Issue No. 283 OCTOBER 1994 EDITED by Micky COHEN


Tuesday, 4th October Lecture : “Excavating in Egypt” by Dr Patricia Spencer.

Dr Spencer has been secretary of the Egypt Exploration Society since 1983. She has excavated with the British Museum at El – Ashmunein and Tel El – Balamun. In fact she has been excavating in Egypt for two months this year, so we can look forward to some first-hand knowledge of the subject.

Saturday, 8th October
MINIM ART : Please phone if you can help unload Please phone if you can bake I Please phone if you can help man a stall ! Above all – PLEASE COME ! Telephone : 203 – 0950

Saturday, 29th October
CITY WALK with Mary O’Connell. Details and application form enclosed.

Tuesday, 1st November
Lecture : ” The Hoxne Hoard and others : Late Treasures from Britain ” by Dr Catherine Johns.

Saturday, 19th November LAMAS CONFERENCE at MUSEUM of LONDON – 29th

Local History Conference on the theme “London Poor – 1700 to 1900”. Lectures from 10 a.m. to 5.00 p.m. will include “Care of the Infant Poor in 18 C London”; “Victorian Poor Law”; “The Labouring Poor”; and “The London Rookeries in the 19 C”.

Tickets at 1.3.50 each can be obtained from Local History Conference, C/- 31 Lynton Road, Harrow. HA2 9NJ. Please enclose s.a.e. for reply and make cheques out to London and Middlesex Archaeological Society. Early application is advised; there is no guarantee that tickets will be available on the day.

Friday, and December Lecture at 1.10 p.m. “Development of Thorney Island and the Roman Settlement beneath Southwark” by Mike Hutchinson,at the Museum of London. Mr Hutchinson is the Archaeology Projects Manager at the Museum, concerned with London’s ‘New’ Archaeology, for example excavation at station sites prior to construction of the Jubilee Line Extension.

Tuesday, 6th December CHRISTMAS DINNER Venue to be announced a.s.a.p.

Regrettably, we have been unable to make arrangements yet for this event – everywhere is so expensive. We are currently trying the Canonbury Academy or Brentford Steam Museum.

N.B. HADAS LECTURES are held at Hendon Library, The Burroughs, Hendon. NW4, at 8 p.m. for 8.30 p.m. start.

A THOUGHT…. How about Ireland for next year’s week away ? ? ?

Our appeal for a member to take on the job of lecture organiser from Dorothy Newbury has been resolved.June forges has very kindly offered to take over from January 1995.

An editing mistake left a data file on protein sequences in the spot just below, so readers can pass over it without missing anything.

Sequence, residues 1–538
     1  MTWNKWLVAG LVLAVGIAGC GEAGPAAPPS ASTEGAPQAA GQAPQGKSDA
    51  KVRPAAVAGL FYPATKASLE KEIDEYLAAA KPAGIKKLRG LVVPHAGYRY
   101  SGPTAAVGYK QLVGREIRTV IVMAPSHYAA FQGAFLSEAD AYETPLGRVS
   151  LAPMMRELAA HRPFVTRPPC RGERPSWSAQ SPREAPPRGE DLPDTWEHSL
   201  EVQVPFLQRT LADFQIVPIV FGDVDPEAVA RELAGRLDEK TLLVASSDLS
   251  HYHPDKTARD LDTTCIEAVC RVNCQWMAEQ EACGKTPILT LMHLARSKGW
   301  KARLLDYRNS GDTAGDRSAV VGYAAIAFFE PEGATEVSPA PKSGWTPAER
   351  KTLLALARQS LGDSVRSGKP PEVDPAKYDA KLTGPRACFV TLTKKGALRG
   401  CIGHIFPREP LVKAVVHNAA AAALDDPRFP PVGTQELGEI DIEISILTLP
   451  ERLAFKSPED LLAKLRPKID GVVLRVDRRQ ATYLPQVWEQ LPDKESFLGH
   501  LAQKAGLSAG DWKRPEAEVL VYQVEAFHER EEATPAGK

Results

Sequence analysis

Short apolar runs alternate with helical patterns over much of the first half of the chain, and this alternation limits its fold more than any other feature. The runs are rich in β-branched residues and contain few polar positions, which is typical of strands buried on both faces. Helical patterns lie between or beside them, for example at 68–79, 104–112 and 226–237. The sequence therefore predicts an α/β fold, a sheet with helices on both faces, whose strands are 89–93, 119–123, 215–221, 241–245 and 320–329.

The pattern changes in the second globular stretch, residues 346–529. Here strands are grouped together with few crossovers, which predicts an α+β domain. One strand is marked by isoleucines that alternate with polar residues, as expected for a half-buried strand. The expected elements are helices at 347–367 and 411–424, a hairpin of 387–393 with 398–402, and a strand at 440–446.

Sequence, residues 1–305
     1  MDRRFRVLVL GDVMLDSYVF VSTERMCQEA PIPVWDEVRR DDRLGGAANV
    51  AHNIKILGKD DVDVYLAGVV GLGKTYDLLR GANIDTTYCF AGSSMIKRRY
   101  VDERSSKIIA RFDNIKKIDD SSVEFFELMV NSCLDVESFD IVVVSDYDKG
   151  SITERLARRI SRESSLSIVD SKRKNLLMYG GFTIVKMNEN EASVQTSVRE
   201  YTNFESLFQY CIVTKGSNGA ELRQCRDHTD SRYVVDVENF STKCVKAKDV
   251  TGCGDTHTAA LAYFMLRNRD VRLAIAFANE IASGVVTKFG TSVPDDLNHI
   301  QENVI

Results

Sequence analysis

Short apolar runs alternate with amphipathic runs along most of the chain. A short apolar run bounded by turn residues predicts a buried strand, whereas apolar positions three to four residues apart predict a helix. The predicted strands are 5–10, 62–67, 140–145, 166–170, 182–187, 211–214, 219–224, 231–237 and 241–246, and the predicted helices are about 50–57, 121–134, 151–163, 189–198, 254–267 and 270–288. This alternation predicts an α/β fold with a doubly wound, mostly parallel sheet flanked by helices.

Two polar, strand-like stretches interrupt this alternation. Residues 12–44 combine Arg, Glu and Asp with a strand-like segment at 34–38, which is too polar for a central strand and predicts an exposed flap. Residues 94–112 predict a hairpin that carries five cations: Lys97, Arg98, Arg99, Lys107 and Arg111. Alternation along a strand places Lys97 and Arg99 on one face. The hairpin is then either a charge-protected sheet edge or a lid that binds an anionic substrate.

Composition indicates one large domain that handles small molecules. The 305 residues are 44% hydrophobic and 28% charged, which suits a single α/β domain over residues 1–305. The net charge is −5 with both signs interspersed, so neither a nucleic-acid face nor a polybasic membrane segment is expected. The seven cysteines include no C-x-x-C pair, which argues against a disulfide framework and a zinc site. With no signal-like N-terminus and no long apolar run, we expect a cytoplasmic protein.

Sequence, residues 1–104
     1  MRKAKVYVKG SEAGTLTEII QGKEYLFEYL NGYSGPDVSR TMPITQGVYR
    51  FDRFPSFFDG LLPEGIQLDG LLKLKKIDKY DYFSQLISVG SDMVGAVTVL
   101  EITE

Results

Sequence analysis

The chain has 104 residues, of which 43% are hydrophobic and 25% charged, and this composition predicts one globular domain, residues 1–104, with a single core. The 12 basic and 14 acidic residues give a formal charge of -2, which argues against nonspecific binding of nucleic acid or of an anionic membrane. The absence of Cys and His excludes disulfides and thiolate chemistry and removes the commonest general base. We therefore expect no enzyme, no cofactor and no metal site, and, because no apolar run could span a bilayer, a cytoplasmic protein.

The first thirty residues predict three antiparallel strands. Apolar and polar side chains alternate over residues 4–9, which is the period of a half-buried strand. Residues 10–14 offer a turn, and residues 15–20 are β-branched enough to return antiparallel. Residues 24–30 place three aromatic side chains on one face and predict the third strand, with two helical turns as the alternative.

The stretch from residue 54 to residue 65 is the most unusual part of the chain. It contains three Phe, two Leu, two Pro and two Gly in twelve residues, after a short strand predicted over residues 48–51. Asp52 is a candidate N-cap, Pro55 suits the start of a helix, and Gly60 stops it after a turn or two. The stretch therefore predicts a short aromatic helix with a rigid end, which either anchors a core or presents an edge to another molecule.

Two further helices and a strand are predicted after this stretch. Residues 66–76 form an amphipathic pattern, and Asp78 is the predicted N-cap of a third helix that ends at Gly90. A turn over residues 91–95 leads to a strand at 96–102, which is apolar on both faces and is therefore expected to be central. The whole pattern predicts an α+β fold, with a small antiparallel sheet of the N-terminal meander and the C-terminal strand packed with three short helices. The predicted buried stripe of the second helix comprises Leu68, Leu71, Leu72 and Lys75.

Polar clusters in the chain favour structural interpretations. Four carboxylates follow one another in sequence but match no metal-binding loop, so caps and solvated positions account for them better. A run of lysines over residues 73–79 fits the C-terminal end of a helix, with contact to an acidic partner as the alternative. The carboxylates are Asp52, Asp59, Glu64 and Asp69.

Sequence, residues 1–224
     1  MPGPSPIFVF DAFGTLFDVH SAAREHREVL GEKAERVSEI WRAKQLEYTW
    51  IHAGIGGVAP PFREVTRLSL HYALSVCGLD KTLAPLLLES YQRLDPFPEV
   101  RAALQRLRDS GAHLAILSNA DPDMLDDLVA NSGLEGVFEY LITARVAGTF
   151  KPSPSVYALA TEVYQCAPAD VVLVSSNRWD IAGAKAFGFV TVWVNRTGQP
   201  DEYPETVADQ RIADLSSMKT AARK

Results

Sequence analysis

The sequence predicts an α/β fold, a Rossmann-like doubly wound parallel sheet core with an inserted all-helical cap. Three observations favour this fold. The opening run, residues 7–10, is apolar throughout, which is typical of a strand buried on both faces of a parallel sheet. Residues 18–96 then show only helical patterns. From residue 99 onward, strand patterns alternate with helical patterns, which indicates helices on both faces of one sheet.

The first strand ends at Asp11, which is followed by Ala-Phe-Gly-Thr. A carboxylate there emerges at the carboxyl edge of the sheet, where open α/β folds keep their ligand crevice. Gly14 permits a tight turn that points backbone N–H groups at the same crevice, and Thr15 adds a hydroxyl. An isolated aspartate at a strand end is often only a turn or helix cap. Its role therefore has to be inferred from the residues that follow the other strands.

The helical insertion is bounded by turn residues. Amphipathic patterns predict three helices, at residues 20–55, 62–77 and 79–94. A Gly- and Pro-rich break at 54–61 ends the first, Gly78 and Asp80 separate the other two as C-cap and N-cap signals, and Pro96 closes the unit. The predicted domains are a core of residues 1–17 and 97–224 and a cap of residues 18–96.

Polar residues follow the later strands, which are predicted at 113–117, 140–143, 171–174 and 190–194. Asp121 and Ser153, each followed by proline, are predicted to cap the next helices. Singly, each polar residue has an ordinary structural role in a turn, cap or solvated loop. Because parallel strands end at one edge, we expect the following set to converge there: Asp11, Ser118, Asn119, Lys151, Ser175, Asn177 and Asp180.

Bill Bass has passed his third year (Post Roman) for the Certificate in Field Archeology,

Roy Walker has also passed the third year for the Field Archaeology Certificate.

Jean Bayne has passed her second year (Roman) for the Field Archaeological Certificate.

Daphne Lorimer (one of our Vice-Presidents) We are delighted to hear that Daphne is coming down from her home in Orkney in October and will be at the Minimart to help Sheila on the cake stall. So get baking everyone, so that there is plenty for them to sell Daphne is looking forward to seeing as many old friends as possible.

Andrew and Joan Pares are both unwell just now and they are sorry to have missed all our functions this year. They hope to be fit and well in 1995.

Daisy Hill, also a Vice-President and founder member, and one of our early Newsletter Editors, writes from Chesterfield, where she now lives, to say how much she looks forward to our Newsletter every month.

Both Mr Pares and. Mrs Hill have kindly sent donations for the Minimart, as neither can attend.

Derek. Batten Our news travels far and wide. Derek, who talked to us once about his excavating in America, sent one of our Newsletters to a friend in the Dept. of Anthropology at California State University. He spotted the name of Bill. Bass, who, with Vikki, organised our Butser trip. He wanted to know if it was the same Bill Bass who was his ‘mentor and teacher from Tennessee’. Unfortunately not or is our Bill hiding something
from us?


Ann Saunders will be giving one of a series of lectures at the Linnean Society, Burlington House, to celebrate the centenary of the founding of the Committee for Surveying the Memorials of Greater London. Her talk, at 6.30 p.m. on Monday, 17th October, will be entitled “London in Prints and Drawings : the Work of Antiquarians and Artists”. Tickets at Z5 each from the Survey of London, Newland House, 37 Berners Street, London. W1P 4BP; enclose s.a.e. Cheques payable to Royal Commission on the Historical Monuments of England.